Physics is Child's Play
by Lorraine Nessman
Photo From worldofstock.com
Photographer: Davis Ewing
This writer eloquently explores how even very young children can be introduced to physics concepts.
Physics is child's play! Really! What infant does not thrill to the
wonderful effects of gravity? They are born linguists, and scientists, and
we hardly even know it until their innate genius transfixes us with the
wisdom of simplicity, and that, when we least expect it. They love the
study of all of life, and are quite adept at observation and organization of
megabytes of data.
So what do we normally do to help children learn more about what they
observe on their own? Do we not talk about the color of the toy in the
child's hand? Telling him gently the name of the food he eats? A child's
weakest link to accessing more fully what he loves to observe is what he
does not hear. Children hear the names of birds, animals, friends, foods,
and more. We know they can learn these real life words and many others too.
These words help them interact with people and time and objects in the world
around them. Now, for a twist..... Could they, and should they learn the
words that help them interact with the natural science of physics? Yes,
Even Anna Botsford Comstock considered that the study of physics in nature
is just as important as animals, insects, weather, and so on, or so she
states in the notes at the beginning of her well known and respected
Handbook of Nature Study. She did not address physics herself, not because
she considered the study unimportant, but because it was not her area of
expertise. She did not address the study herself, not because she
considered it above children, but because someone who was familiar with the
science, and loved it, would better draw the heart of each child into the
love of observation, and especially into the process of asking questions.
Still, Anna Botsford Comstock believed that parents who knew how to say, "I
don't know," yet were eager to draw their children's attention to the
amazing miracles in the earth and all of life, were fully capable of
teaching natural sciences to children. Wouldn't she also believe that the
same kind of heart in a teacher would draw the heart of children into the
study of physics in the natural world? Wouldn't she ask us to contemplate
the depth of that calling too?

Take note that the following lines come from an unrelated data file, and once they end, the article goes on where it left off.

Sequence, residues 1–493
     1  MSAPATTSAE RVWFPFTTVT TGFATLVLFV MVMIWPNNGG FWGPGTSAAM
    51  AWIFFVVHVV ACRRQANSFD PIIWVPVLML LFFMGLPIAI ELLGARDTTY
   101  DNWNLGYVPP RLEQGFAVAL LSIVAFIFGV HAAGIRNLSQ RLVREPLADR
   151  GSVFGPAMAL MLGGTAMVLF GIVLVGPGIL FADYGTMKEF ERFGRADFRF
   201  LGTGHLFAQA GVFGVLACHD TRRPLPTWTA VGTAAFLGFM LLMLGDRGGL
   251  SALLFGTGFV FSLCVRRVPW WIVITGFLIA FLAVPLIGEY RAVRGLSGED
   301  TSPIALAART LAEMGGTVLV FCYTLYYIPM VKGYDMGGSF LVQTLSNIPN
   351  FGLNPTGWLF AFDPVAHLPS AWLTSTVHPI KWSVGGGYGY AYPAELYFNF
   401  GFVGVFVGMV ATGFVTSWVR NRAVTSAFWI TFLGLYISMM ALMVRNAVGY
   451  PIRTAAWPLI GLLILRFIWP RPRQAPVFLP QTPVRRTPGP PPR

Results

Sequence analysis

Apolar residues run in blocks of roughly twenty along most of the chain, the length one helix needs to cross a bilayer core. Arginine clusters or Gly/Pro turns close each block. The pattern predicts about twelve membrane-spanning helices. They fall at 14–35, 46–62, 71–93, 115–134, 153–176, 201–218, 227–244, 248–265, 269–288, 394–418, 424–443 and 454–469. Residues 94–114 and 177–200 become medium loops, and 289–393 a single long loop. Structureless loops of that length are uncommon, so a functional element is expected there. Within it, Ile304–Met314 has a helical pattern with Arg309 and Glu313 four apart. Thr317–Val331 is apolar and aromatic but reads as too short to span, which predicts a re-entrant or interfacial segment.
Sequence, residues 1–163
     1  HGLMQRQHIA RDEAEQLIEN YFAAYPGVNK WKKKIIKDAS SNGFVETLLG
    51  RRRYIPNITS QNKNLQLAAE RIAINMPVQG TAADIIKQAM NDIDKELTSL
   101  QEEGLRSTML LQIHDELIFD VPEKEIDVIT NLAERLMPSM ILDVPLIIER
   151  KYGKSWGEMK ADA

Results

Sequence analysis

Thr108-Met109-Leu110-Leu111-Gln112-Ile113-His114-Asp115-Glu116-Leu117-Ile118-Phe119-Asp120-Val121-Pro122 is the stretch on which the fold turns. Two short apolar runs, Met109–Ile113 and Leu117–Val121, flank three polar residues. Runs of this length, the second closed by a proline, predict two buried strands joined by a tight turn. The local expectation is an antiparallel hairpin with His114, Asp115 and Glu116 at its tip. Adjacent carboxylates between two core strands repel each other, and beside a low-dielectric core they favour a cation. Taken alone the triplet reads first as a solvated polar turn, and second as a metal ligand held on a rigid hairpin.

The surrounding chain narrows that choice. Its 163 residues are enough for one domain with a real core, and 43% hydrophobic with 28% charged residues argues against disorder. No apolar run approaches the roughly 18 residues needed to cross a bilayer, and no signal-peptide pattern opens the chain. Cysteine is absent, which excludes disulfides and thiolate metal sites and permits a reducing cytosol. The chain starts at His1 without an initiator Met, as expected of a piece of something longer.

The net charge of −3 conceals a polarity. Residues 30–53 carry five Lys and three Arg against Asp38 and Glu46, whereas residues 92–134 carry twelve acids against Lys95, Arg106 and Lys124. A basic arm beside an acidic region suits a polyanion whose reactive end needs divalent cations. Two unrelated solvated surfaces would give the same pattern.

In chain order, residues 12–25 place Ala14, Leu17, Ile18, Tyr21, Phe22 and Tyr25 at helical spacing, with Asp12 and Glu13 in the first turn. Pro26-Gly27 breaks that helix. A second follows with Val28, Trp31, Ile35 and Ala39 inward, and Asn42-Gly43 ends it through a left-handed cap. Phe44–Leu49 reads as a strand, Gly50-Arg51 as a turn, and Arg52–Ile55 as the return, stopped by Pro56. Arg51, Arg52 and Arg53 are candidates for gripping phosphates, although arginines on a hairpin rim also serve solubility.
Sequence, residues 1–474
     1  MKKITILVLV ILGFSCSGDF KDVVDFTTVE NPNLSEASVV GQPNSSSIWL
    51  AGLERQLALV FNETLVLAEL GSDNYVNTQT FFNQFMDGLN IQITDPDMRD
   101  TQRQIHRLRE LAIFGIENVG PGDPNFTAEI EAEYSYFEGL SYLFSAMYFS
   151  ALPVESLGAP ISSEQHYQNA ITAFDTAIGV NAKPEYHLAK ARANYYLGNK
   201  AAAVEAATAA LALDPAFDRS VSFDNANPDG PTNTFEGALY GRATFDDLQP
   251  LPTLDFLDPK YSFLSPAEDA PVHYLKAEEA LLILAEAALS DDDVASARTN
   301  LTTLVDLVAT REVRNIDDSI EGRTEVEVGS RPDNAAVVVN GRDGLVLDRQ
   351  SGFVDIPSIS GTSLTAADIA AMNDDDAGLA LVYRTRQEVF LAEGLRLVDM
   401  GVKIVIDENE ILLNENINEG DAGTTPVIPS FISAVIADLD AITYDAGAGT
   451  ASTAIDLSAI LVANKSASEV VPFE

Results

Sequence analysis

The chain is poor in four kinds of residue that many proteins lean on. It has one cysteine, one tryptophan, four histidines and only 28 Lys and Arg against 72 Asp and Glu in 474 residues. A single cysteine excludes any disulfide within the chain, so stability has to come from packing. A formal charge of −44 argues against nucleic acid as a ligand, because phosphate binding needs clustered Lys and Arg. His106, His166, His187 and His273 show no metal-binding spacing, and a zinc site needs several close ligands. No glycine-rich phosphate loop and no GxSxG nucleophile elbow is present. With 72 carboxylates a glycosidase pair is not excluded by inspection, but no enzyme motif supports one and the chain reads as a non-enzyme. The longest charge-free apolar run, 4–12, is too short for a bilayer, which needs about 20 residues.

Before I had seriously considered homeschooling, when my oldest son was
three years old, I was watching an interview with a highly respected
physicist whose father was also a physicist. The thing about the interview
that piqued my interest, as a mother, was that Mr. Physicist Sr. had begun
to introduce physics to Mr. Physicist Jr. when Jr. was only three or four
years old. The thought intrigued me, so I listened further. There was only
one example given as to how this father accomplished such an odd-sounding
feat. As well as I can recall, the example is as follows:
The child was playing with a ball in a wagon. As the child played, the
father asked him what the ball would do next. When the child was surprised
by the results, the father helped him further by supplying him with the
vocabulary for his observations. In essence, the child had begun to learn
the concepts of inertia, and learned the word which identified those
Closer to home, I wondered if my son would have such an interest, and how I
would know. Though now I believe that all children are fascinated by the
basic principles of physics (what baby doesn't experiment with the effects
of gravitation, and with great enthusiasm?), it was fortunate that I did not
know whether my son would be interested.
I say I was fortunate, for, as I watched for signs of interest, I stumbled
upon one of the better ways of teaching. In practice, I waited for a moment
when my son was observing the effects of physical laws, and then asked him
questions about it. As he needed more vocabulary, I offered him help with
The first occasion was modeled on the example of Mr. Physicist Sr. and
Jr.'s. While driving home from day-care, my son was observing the movement
of the pennies in the console. I asked him questions as to what he thought
they would do when the car began moving, and stopped again. He was
fascinated by the results when they agreed with his thinking (his
hypothesis), and when they did not. As the conversation and observations
continued, the benefit of better vocabulary was obvious, and he quickly fell
in love with inertia, developing a hypothesis, variables, etc. Through the
next couple of years, he continued asking questions until it seemed time to